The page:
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According to Filipino folk belief, gayuma is a love potion that is used to attract a mate. The potion's magical property is said to work best when taken by the potential partner, often mixed in a drink. As with any other mystical folk item, the effectiveness of a gayuma only works if the caster believes in its power. The use of gayuma today is usually associated with failed courtship, unrequited love, or secret admiration.



The word potion is from the Latin word potionis, meaning beverage, potion or poison in the form of consumable medicine or poison with magical properties. Love potion is a noun that means a drink or poison with magical powers that can make the one who takes it “love” the one who gave it. Philter or philtre also means love potion in Greek.

Selling and preparation

Most conservative wings of the Catholic Church in the Philippines have long been discrediting the mysterious powers of folk beliefs such as gayuma, anting-anting, and agimat. Ironically, it is beside popular Catholic churches like the ones in Quiapo and Baclaran that makeshift stalls, guised as alternative medicine shops, sell the mystic items.

Vendors and experts on gayuma mix oral rural beliefs with traditional Catholic teachings in their craft. The result is a spiritual orientation termed by some Filipino anthropologists as Folk Catholicism. Dealers of gayuma determine the exact ingredients needed for the gayuma's desired purpose; they also set the potion's dosage and frequency of use. After purchasing a gayuma, vendors are also known to issue alternative prescriptions, most of the time on scratch paper, scribbled with bizarre characters. These prescriptions supposedly grant the potion its efficacy.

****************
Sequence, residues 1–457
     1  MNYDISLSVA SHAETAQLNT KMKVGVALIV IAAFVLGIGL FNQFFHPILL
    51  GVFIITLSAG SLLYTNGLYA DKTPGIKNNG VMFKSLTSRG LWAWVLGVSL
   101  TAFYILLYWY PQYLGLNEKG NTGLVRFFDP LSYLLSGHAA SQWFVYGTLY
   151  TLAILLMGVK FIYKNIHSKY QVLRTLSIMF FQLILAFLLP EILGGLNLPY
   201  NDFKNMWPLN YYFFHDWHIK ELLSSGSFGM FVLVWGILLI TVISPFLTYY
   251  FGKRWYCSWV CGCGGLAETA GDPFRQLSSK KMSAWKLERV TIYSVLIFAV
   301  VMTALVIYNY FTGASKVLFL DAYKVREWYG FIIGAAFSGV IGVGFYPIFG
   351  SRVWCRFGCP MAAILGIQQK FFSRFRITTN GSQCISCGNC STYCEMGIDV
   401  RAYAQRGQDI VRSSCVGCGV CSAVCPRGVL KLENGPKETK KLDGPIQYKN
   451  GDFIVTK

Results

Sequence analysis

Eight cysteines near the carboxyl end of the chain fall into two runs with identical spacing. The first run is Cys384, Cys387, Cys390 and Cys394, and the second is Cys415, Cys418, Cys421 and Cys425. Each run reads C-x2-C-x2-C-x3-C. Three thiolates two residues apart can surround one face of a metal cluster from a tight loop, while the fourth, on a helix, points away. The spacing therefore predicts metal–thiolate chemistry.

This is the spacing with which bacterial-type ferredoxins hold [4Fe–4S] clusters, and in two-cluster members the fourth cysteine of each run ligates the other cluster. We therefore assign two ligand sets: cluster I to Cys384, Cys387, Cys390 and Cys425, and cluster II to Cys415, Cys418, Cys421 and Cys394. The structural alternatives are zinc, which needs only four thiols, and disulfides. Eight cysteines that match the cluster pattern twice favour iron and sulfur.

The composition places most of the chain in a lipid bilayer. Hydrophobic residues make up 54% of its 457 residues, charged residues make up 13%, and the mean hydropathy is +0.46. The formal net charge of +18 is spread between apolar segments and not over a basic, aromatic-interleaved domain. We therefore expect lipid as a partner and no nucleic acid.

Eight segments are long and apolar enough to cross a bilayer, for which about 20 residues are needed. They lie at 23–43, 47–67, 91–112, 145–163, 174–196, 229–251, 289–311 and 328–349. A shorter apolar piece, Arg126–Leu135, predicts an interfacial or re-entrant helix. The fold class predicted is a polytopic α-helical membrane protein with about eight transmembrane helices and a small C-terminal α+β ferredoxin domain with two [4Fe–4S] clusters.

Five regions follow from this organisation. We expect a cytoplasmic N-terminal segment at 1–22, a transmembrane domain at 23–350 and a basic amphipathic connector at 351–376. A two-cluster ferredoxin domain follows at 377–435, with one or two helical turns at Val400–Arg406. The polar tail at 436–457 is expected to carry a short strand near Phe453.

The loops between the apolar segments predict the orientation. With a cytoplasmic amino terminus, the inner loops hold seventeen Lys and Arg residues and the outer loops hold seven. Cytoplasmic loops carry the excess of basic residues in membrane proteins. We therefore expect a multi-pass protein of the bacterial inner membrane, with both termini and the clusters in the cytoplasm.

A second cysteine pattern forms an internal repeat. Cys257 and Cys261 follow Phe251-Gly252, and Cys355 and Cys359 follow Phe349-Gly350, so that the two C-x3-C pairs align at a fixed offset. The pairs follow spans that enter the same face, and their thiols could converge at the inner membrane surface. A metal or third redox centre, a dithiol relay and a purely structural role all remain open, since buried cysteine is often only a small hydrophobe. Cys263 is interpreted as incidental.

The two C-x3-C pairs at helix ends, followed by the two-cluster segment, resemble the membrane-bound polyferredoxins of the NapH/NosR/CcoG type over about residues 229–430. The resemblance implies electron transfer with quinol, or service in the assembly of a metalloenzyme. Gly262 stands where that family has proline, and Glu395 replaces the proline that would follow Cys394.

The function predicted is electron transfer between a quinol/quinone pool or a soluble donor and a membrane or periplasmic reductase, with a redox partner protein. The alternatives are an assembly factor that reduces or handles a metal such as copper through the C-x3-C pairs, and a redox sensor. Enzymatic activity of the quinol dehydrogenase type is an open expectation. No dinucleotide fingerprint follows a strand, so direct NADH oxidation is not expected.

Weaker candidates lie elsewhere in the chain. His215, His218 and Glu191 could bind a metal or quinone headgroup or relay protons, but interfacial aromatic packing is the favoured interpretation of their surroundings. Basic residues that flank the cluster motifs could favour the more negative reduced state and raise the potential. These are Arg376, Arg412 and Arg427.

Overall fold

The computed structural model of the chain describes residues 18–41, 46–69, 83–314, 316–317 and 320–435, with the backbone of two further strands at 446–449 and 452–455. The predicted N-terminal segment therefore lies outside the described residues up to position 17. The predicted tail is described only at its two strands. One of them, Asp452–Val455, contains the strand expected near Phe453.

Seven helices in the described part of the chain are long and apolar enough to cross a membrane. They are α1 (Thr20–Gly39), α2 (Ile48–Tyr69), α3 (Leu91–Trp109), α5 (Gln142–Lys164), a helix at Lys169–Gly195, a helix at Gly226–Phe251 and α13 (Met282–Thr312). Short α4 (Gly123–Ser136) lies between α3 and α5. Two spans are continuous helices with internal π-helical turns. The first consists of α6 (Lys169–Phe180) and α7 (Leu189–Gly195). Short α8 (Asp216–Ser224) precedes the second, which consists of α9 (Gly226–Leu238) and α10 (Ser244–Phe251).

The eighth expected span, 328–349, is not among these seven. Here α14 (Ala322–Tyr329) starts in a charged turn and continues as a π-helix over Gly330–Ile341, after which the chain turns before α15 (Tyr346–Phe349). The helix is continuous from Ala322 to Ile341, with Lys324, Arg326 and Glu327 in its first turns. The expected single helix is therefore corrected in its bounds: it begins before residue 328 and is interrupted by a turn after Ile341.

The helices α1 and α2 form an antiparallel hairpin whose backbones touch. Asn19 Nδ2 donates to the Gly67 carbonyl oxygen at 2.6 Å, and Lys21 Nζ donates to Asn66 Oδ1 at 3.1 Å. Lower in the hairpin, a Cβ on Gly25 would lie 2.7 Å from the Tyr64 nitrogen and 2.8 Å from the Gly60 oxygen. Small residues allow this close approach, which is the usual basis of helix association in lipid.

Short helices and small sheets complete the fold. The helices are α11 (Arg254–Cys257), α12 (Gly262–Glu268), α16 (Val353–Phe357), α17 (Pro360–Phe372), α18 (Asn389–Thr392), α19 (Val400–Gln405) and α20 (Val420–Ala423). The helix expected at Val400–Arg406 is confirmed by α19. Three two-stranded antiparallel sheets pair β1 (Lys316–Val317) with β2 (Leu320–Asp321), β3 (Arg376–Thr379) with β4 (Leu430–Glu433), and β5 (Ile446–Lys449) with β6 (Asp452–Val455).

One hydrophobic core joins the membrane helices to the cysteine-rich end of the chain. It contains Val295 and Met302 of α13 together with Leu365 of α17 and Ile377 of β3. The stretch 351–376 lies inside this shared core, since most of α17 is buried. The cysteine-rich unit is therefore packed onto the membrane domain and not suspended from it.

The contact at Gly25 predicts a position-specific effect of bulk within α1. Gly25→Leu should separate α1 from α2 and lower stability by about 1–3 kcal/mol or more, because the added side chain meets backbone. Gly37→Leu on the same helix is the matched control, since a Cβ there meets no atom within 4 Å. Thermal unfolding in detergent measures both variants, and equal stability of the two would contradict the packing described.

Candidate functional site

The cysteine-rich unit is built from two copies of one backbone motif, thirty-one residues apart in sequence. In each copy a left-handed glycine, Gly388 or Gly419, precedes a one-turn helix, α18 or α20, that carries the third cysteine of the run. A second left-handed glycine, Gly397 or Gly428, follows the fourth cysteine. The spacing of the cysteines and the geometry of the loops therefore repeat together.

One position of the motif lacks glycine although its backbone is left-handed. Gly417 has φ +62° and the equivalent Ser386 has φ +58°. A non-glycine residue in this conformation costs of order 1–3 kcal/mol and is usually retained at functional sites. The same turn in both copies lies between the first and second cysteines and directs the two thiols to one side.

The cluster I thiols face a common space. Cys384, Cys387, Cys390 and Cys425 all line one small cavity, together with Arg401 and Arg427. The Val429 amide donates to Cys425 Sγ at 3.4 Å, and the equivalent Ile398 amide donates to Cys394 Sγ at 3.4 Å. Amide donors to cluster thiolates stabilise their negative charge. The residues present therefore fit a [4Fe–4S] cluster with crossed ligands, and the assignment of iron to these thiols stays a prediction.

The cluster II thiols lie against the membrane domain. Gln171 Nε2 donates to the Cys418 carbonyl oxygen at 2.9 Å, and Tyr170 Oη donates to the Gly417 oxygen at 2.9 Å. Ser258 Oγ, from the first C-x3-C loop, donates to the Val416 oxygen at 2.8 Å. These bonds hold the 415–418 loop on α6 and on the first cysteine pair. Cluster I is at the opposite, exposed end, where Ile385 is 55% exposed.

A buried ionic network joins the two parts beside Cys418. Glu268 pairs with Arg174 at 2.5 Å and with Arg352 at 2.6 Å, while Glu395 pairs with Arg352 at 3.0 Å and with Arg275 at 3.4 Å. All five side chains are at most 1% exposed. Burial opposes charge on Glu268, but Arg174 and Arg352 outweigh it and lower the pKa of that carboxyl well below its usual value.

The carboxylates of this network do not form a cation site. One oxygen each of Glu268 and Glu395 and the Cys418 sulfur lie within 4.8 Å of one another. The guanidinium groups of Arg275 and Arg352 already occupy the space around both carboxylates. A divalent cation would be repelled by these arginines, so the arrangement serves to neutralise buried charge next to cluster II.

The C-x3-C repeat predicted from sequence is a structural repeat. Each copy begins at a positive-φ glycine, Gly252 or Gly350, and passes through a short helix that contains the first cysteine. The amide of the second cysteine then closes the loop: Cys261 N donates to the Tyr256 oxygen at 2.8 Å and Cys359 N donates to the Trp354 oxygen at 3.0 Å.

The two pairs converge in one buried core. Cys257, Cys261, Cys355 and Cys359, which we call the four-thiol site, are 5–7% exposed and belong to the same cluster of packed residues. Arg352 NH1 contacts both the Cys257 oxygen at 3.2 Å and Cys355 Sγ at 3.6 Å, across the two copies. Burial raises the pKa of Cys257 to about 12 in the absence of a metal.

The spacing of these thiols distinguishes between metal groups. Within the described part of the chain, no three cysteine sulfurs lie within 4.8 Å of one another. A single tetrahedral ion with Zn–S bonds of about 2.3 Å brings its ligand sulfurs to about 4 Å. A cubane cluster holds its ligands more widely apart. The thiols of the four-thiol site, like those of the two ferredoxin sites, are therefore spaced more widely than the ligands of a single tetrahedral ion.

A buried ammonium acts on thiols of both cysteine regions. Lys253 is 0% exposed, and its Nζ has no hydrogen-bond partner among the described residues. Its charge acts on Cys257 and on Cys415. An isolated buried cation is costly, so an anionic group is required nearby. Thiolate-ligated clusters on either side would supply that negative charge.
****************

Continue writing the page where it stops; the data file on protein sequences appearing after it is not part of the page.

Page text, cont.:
During the course of preparation, special incantations, often in Latin, are whispered by the caster upon instructions from the vendor. Some instructions even require the caster to recite. Some believers of the craft equate the amount of time spent on casting to the effectiveness of the gayuma.


Widely acknowledged to have originated from animist beliefs of early Filipinos, the gayuma is almost always made out of natural and organic materials. Ingredients may vary from herbs, plant roots, animal parts, and insects, to precious stones, sea corals, and even oddly-shaped twigs. One popular gayuma recipe is composed of leaves of the Damong Maria plant boiled in rain water.


The term gayuma may also refer to spells that bring love, bind couples, snatch someone's lover, or end an affair. However, these types of spells are performed only by more experienced casters. Other than a potion or a spell, a gayuma may also take the form of a charm. The most popular charms take the form of small red bags filled with items like pebbles, hair, bones, and seeds. When worn, these charms are believed to heighten a person's attractiveness.

Popular culture

Gayuma has been a popular subject of movies and television shows. In 1996 a sex-flick movie starring Amanda Page and Jay Manalo was entitled Gayuma.

External links



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